Knowing Your End

As Jesus came out of the temple and was going away, his disciples came to point out to him the buildings of the temple. Then he asked them, “You see all these, do you not? Truly I tell you, not one stone will be left here upon another; all will be thrown down.”Matthew 24:1-2, NRSV

We as humans fight a lot. Love, hate, war, greed, fear, politics, and difference are all instances that tend to bring out our worst. The saddest part is that all the things we usually fight over are only temporary realities. In fact, the same could be said of you and I.

We are temporary.

The Psalmist writes in Psalm 39, “Lord, let me know my end, and what is the measure of my days; let me know how fleeting my life is.” He had an excellent point. The life you and I have at this very moment is fleeting. It is short. It will not last forever.

The nations, symbols, practices, and issues we bicker over incessantly are also just temporary. There will be a day when the United States no longer exists. There will be a day when you and I, as we are, will no longer be present on this planet. Our breath will depart, our bodies will stop, and as Jesus says, “All will be thrown down.”

So what do we do with that info? Should we keep selfishly fighting, hoarding our resources, and sacrificing ourselves and each other for what is, at best, temporary? I don’t think so.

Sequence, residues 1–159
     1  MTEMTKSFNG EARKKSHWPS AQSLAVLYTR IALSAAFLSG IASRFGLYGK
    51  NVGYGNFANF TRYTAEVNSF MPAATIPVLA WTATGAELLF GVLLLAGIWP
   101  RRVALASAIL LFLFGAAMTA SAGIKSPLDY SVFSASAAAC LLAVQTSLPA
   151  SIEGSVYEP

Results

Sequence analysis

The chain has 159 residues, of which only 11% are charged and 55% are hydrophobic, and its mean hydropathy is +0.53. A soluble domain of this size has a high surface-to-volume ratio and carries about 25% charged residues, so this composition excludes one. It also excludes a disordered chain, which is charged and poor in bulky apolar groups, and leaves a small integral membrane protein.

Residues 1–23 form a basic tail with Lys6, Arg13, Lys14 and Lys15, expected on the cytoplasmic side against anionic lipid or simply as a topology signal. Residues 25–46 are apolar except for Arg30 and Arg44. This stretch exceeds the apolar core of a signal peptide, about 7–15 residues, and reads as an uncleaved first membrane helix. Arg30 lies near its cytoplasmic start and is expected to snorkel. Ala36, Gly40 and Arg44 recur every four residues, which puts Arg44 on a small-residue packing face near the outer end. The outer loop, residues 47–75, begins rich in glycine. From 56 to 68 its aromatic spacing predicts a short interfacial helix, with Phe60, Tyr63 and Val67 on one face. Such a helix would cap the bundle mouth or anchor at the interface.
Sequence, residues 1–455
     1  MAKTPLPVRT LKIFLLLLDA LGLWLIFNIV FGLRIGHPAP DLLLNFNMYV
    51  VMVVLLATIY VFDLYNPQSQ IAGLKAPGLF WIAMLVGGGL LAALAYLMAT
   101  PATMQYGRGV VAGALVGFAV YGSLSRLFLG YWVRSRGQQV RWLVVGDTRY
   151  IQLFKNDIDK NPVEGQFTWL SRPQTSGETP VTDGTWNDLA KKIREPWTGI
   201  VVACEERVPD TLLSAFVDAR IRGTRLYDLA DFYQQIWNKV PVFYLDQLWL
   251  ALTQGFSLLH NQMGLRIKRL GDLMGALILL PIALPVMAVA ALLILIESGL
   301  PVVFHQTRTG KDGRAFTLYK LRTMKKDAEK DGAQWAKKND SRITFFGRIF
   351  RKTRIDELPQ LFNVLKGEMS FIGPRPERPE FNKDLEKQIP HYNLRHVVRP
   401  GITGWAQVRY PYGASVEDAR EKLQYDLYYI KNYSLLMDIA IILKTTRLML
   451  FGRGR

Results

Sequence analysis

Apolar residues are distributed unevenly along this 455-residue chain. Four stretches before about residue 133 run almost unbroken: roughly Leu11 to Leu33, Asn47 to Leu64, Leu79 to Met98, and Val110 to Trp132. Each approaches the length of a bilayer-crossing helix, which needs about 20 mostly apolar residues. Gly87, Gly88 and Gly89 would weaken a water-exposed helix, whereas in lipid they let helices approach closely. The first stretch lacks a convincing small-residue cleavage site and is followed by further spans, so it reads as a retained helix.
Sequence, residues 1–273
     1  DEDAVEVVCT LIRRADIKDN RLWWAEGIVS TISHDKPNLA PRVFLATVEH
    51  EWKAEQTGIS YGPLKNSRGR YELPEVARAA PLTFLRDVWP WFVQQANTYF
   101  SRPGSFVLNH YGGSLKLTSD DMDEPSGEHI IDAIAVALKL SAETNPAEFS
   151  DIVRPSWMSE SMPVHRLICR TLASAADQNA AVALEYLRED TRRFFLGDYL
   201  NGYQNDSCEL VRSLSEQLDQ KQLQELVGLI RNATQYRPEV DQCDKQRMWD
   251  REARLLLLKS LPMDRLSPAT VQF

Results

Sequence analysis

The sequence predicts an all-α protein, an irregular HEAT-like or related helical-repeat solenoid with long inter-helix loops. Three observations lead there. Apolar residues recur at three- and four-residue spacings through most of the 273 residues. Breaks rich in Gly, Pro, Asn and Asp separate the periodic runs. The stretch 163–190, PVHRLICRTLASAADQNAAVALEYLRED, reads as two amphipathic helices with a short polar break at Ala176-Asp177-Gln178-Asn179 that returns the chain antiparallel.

Instead, what if we took a page from Jesus’ book and lived with an eternal mindset? We may be temporary, but the deeds of love and mercy we decide to enact (or not) will ripple out from our lives for much longer than we could ever hope to last. We will leave an impression on this earth for generations to come, and it is an impression for which God will hold us accountable.

My suggestion is that we take a step back from whatever war we are currently being told we need to wage. Let’s look at our lives in terms of how we have loved and shown compassion. Have we shown the grace of God to our enemies, or have we just bickered with them? Have we been generous to those in need, or have we just talked and fought about them?

I feel it would benefit us to remember that our days are but a breath, and the Christ-like impressions we leave matter more than being right in a conflict that won’t matter one hundred years from now. The measure of our days is short. We only have but a few in the grand landscape of eternity. How shall we now spend them?

Peace be with you!

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